Martin McDonagh: I saw something similar to what we see on the billboards about 17 years ago on a bus trip through the States. It passed me by in a second, but it stayed in my mind, the idea of what kind of pain or rage or bravery would cause a person to put up some kind of signage like that because it was kind of similarly calling out the cops about a crime. Once I kind of … I wanted to write something for a female lead, a strong female lead for a while. I’d done that in plays, but hadn’t really done that at all in the films I’d made. So that was … Once I coupled those two ideas together, once I made that person a mother, it felt like Mildred kind of sprang fully formed onto the page.
Scott Menzel: Just kind of a brief follow-up, was Frances always your top choice for that role?
Martin McDonagh: Yeah, only choice. I don’t know who else could have done it.
Scott Menzel: She’s gonna get the gold for it. I strongly believe it.
Martin McDonagh: I hope so, because people love her, and it’s 20 years since Fargo. It’s crazy. She’s always been good, but she said herself she doesn’t get given lead roles. Most women don’t get good material. What’s kind of refreshing about both writing this and how people have reacted to it, is there’s a joy to having someone so strong, so take no prisoners and give no shits … Just writing it was like, “What’s she gonna do next? Jesus.”
I think that’s how you feel when you’re watching it, too. It’s like, “Shit, there’s a dentist. He’s not gonna come out of this well,” or the priest. I think that’s what the biggest surprise is, just people loving her so much as an actress and really getting behind the character, even though it’s not all gonna be good. But there’s a frisson when she is with everyone she encounters in the film.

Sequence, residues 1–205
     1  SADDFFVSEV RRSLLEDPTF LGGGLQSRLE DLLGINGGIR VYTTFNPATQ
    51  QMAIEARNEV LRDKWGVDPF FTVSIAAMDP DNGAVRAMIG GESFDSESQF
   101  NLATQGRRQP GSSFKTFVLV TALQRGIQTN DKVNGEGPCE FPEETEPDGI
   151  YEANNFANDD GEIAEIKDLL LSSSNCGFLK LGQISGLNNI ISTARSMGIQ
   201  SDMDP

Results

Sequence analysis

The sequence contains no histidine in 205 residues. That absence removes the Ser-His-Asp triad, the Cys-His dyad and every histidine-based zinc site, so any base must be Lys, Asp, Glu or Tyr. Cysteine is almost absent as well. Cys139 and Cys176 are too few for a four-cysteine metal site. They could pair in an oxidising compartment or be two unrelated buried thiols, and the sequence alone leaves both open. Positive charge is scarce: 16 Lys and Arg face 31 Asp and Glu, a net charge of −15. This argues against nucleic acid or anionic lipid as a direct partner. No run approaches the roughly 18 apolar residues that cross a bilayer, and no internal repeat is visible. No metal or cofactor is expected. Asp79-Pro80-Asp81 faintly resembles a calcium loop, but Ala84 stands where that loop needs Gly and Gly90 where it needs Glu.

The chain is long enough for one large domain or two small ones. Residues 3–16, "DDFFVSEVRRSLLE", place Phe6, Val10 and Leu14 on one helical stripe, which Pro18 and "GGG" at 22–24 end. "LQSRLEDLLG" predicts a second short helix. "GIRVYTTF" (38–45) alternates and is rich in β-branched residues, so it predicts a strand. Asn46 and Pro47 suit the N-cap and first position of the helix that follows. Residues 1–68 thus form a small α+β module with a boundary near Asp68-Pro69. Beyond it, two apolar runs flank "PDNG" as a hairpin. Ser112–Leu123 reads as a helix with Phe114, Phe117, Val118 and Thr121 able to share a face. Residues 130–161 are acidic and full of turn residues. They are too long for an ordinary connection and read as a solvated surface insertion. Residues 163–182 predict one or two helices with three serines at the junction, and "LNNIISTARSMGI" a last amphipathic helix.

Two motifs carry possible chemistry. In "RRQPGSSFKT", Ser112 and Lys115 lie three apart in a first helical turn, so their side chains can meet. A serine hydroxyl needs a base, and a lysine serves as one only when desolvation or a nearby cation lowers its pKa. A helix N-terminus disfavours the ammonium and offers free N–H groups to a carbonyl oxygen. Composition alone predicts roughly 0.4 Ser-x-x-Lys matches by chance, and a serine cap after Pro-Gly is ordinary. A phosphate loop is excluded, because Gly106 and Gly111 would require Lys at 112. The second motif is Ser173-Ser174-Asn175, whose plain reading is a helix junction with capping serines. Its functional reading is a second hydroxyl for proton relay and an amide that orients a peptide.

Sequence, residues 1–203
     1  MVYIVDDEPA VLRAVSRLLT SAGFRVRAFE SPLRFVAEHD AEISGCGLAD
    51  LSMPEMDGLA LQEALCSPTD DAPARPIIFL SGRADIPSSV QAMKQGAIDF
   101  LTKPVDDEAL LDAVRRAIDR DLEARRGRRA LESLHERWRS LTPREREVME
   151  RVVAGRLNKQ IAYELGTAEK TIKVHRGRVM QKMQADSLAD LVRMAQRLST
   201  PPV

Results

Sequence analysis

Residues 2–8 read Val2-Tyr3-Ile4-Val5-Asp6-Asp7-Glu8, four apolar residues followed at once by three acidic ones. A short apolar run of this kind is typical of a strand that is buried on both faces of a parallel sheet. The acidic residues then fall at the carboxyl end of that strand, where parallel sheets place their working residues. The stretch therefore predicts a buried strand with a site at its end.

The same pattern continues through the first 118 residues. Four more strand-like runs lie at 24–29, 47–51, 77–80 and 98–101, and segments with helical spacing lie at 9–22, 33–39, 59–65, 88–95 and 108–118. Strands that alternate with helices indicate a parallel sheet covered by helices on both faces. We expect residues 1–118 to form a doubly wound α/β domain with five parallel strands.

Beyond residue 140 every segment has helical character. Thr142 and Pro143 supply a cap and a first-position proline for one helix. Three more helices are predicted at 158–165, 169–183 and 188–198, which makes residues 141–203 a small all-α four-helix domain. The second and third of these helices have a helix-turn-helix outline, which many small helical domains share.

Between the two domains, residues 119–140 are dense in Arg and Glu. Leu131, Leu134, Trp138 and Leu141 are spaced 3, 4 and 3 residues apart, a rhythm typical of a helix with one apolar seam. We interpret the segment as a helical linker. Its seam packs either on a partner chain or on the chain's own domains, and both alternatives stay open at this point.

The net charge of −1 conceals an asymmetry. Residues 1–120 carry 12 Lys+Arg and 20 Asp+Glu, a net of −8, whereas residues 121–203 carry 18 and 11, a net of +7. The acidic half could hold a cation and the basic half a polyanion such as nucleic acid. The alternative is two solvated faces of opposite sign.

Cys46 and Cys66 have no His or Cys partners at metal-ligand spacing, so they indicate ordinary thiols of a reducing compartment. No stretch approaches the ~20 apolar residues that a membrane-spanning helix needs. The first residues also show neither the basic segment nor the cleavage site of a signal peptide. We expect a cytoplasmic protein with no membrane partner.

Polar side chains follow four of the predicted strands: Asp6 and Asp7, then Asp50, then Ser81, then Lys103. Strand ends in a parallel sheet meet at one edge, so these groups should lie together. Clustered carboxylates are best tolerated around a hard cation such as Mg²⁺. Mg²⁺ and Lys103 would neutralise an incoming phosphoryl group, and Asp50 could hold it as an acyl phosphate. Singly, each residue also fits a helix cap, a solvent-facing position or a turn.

Scott Menzel: The characters in this film are so incredible. Every single one, from the smallest to the biggest. How do you go about creating such well-rounded characters that grow, and then you have this knack in all your films of redeeming characters who initially seem like complete scum of the earth assholes, but you somehow manage to make them lovable and relatable to everyone in the audience.
Martin McDonagh: You just kind of have to see humanity in everyone, and it’s not simple, kind of Hollywood heroes and villians. It’s hopefully something more interesting and more surprising than that, because if you’re not endearing to … you know, the hero’s the hero and the villains are the villains, you can go to anywhere, anyplace with them. The hero can become more villainous and the villain become more heroic, I guess.
In terms of the well-rounded characters, I think the thing is always to think that every character could be the lead character in their own movie as we all are the lead characters in our own movie, and just to be honorable about that. Like Peter Dinklage’s character. He’s really interesting, and you kind of think, well, what do you do with your daily life? Are you thinking about Mildred all the time? He could have a film of his own.
Similarly, most of the characters are that way. Then you just reduce those people down to two or three scenes, but their personality and their joy for the world is big. So it’s about that, just leave no one as secondary.
Scott Menzel: Great. Thank you so very much!